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Driving in winter, especially storm conditions can be stressful at best and dangerous at it’s worst. More accidents involving property damage occur during the winter months than at any other time. You can minimize the stress and chances of wintertime accidents if you follow these winter RV driving tips.
Prepare Your Vehicle for Winter Driving
- Have the battery and charging system tested. A fully charged battery in good condition is required to start an engine in cold weather.
- Have the brakes checked to ensure they work properly and apply smoothly, this helps prevent the wheels from locking on slick roadways.
- Make sure the tires are properly inflated. Under-inflated tires can be dangerous and may suffer damage. Remember, the air pressure in your tires will decrease 1-2 psi for every 10-degree drop in outside temperature.
- Use the tire size recommended by your vehicle’s manufacturer for the best snow traction. Overly wide tires tend to float on top of the snow, reducing grip.
- Make sure the engine coolant provides anti-freeze protection down to the lowest temperatures you are likely to encounter; -30 degrees F/-34 degrees C is a good guideline.
- Visibility is critical in adverse weather conditions, so replace worn windshield wipers that streak, and be sure the washer reservoir is filled with a winter solvent that will not freeze.
- Keep the gas tank at least half full at all times to minimize condensation buildup that can lead to gas line freeze-up. If the fuel in your area does not already contain alcohol, use a gas line ‘dryer’ additive periodically to absorb moisture.
- Carry a winter driving kit for use in the event of an emergency. The kit should include a small bag of abrasive material (sand, salt, cat litter), a small snow shovel, a snow brush, traction mats, a flashlight with new batteries, window washer solvent, an ice scraper, a cloth or roll of paper towels, jumper cables, a blanket, warning devices (flares or triangles), drinking water and extra clothes.
- Program your radio for AM 530 or 1610 stations, as you may see signs referencing those frequencies for important traffic advisories.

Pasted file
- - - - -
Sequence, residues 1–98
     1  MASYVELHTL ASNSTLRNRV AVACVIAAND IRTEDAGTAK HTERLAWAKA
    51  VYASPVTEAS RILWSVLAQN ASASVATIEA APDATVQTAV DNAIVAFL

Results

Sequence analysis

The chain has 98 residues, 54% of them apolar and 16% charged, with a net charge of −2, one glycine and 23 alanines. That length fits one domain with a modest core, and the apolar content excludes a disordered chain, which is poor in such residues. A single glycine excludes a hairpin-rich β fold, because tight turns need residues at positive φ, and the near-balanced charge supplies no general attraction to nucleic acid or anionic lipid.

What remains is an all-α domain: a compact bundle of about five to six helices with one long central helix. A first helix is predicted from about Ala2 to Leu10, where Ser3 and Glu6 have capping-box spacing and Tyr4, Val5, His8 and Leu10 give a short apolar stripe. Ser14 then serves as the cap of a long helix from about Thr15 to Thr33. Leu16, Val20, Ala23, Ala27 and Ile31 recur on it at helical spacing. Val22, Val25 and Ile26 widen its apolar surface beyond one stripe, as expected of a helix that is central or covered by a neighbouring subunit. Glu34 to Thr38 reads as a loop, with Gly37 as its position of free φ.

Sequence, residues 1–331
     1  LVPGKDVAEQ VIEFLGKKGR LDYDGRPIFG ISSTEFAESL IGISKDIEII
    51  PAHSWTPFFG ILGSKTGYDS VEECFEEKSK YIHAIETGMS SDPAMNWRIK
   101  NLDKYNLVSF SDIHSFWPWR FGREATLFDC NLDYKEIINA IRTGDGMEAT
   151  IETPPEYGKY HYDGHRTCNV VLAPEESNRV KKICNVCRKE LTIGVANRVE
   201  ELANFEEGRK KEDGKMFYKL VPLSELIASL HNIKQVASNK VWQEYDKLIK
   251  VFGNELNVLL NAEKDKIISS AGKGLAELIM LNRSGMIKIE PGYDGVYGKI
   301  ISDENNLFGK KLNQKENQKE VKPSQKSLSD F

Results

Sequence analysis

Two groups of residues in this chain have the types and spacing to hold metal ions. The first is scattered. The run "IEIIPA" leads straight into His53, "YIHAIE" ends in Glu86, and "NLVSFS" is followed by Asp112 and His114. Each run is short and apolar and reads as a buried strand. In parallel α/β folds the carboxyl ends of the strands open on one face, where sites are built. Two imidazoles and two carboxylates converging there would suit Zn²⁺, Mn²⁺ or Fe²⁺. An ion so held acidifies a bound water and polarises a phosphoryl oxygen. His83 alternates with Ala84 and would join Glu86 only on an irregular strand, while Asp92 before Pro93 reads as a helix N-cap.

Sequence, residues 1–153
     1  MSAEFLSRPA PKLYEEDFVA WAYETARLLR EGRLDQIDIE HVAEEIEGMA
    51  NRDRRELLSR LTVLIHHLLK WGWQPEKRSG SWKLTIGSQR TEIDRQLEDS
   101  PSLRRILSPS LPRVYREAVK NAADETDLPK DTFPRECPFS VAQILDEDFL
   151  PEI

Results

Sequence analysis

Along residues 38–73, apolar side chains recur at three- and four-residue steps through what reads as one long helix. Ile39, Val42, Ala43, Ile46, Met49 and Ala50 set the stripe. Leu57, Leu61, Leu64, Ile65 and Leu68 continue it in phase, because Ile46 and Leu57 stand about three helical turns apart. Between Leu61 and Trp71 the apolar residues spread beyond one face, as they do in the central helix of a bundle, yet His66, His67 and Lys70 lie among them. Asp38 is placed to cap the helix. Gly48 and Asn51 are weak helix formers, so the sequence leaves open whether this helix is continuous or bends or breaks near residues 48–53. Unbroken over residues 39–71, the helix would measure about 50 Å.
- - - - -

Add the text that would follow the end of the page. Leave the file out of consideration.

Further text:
- Have a cellular phone car charger.
- Program your phone with important numbers including your roadside service provider.
Plan Your Trip
If your plans include travel out of your local area it is important to plan your route ahead of time.
- Allow extra time to reach your destination. Delays are likely so if you plan for them you won’t stress about being late.
- Consider traveling on major highways and interstates since heavily traveled roads will be cleared or treated first during storms.
- Plan secondary routes in case your primary route is closed.
- Plan your fuel, food and rest stops.
- Have up-to-date, accurate maps, including on your GPS device.
- Your maps should include seasonal road closures and provide routing
- Don’t rely solely on your GPS for driving directions. We’ve all heard the stories of people getting directed onto dirt roads to nowhere. It’s an inconvenience in good weather but can be deadly in a winter storm.
- Manually review the routing directions provided by your GPS device or web-based routing service by checking maps and satellite views etc.
Winter RV Driving Tips
When driving during winter weather, remember to drive with caution to help maintain your safety and following these winter RV driving tips.
- If weather conditions are bad delay your trip, stop early for the day, or take an extended break from driving. You did allow extra time, right?
- Before starting out in snowy weather, take time to remove the snow from the entire vehicle so it doesn’t blow onto your windshield or the windshields of other drivers.
- Make sure your mirrors and lights are clean.
- Drive with your low-beam headlights illuminated.
- When the roads are icy, slow down and Allow sufficient room for maintenance vehicles and plows, stay at least 15 car lengths (200 feet) back and, if you need to pass, go to the other vehicle’s left.
- Watch for icy surfaces on bridges, even when the rest of the road seems to be in good condition.
- If you get stuck in the snow, straighten the wheel and accelerate slowly. Add sand or cat litter under the drive wheels to help avoid spinning the tires.
- If your tires lose traction, continue to look and steer in the direction you want to go. If the drive wheels start to spin or slide while going up a hill, ease off the accelerator slightly and then gently resume speed.
- Look farther ahead in traffic. Actions by other drivers will alert you to problems and give you extra seconds to react.
- When changing lanes, avoid cutting in front of trucks, which need more time and distance than passenger vehicles to stop.
- Don’t use cruise control in precipitation and freezing temperatures.
- Apply constant, firm pressure to the pedal with anti-lock brakes.
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